[SOLVED] Revived old laptop, streaming videos lags while audio is ok. Local videos play perfectly.

stundrah

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Sep 24, 2017
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I recently attempted to revive an old Inspiron 1501 laptop.

I installed an SSD, upgraded the RAM to 2GB and was able to install Windows 10 after a few quirks.

I found a legacy version of my ATI graphic drivers and was able to install it successfully using compatibility mode.

So far everything runs smoothly, except for one thing: video streaming.

Videos files play perfectly when they are viewed through VLC and are saved directly on my SSD, but if I try to stream videos from YouTube or Netflix I will start getting extreme stutters and lag, even tho the audio plays perfectly.

Reducing the video resolution on YouTube to 240p seems to fix the problem, but I don't think it has anything to do with my connection speed since my speed tests and download speeds are fine, and the streamed video's progress bar shows that it is adequatly buffered.

I tried plugging in an ethernet cable instead of using WiFi and the results are the same.

I've read success stories from other people using Windows 10 on this old laptop model with no issue so I assume this is a driver issue or an issue with ethernet settings. Could it have something to do with the live decompression of streamed video?

So far I tried:

- Reinstalling display drivers after a fresh uninstall with DDU

- Disabling my wireless card and using only an ethernet connection

- Reinstalling all the old drivers I could find in compatibility mode.

- Streaming through different browsers and the Netflix app.

- Changing my screen resolution (lowering resolution had no effect)

And probably several other things that I forgot.

If anyone has any idea what could be causing this issue or how to solve it, it would be greatly appreciated.
 

Dreznon

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Feb 20, 2016
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This might have something to do with it.

I am not trying to be mean. I actually like reviving old tech too, but being a laptop I think you may be stuck with just playing Oregon trail or something like that.

 

Dreznon

Reputable
Feb 20, 2016
138
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4,715
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This might have something to do with it.

I am not trying to be mean. I actually like reviving old tech too, but being a laptop I think you may be stuck with just playing Oregon trail or something like that.

 

stundrah

Commendable
Sep 24, 2017
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1,520
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This might have something to do with it.

I am not trying to be mean. I actually like reviving old tech too, but being a laptop I think you may be stuck with just playing Oregon trail or something like that.

I am aware of the benchmarks. I even ran Passmark benchmarks on the machine myself. Although they are less than impressive, it should be sufficient to run HD video (it did under Vista back in the days and it does in W10 when the video is saved on SSD like I mentioned).

I made some progress today. I discovered videos stream perfectly in Internet Explorer (further confirming it is not a performance issue). There is one quirk in IE tho: the sound cuts out for a millisecond once in a while. Now I'm starting to think the issue might be related to sound card drivers, which happen to be the only original drivers I was not able to get working under Windows 10. Maybe it causes a sync issue between sound and video: Chromium browsers streams the sound perfectly while video plays catch-up, and in IE the video plays perfectly but the sound cuts momentarily.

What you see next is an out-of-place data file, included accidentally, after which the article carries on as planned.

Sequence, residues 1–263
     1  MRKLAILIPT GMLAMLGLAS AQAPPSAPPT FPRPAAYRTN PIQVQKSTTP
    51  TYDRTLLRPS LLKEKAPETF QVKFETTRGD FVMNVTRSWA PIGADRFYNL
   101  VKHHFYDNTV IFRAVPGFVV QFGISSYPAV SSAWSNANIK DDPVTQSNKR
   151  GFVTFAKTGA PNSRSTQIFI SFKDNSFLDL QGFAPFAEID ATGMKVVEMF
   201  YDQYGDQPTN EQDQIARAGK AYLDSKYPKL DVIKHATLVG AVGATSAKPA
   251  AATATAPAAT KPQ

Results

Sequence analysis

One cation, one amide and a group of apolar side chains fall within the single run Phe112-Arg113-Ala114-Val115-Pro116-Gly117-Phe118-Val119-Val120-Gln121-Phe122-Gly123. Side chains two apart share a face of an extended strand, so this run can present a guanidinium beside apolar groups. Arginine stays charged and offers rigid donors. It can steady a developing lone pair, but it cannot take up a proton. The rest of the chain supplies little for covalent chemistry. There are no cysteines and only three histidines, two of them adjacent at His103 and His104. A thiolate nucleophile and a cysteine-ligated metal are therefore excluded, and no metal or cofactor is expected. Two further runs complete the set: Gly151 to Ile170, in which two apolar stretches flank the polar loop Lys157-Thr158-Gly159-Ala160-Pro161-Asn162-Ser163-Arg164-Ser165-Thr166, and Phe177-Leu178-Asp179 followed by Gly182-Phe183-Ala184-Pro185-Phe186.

So far the easy solution would be to use IE for streaming, but I'll keep digging further anyways.
 

Dreznon

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Feb 20, 2016
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I understand. I had an Optiplex 320 from year 2006 just a few months ago, just to run kodi, and YouTube. I sure hope you get the sound figured out, driver, or hardware.
 

stundrah

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Sep 24, 2017
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So after rolling back to Windows Vista and Windows 7 on a separate drive for further tests, I finally isolated the issue (sorta). It only happens when decoding videos from websites / browsers that use DRM-enabled streaming (new HTML5 standard that replaced Microsoft Silverlight).
This is why my laptop will stream correctly in older browsers that still use Silverlight. I was able to confirm this by installing an old version of Google Chrome from 2013 that could only use Silverlight, and Netflix still allows you to use it if it is the only solution your browser supports.

Now I have no idea why my laptop won't play well with the new HTML5 standards. Is it purely a performance issue, or does it have something to do with my integrated graphic's hardware acceleration compatibility, or is it something else?

For now, at least I am able to stream videos from this older version of Chrome as well as Internet Explorer.

I also ordered a dual-core version of my laptop's CPU for 10$ (Turion 64 TL-60), which uses the same socket. It has the same clock speed but twice the cores, better IPC, 65nm process instead of 90nm and same TDP (31w). A quick forum search confirmed that several people got it working with this laptop model. We'll see if that fixes the issue or not.
 
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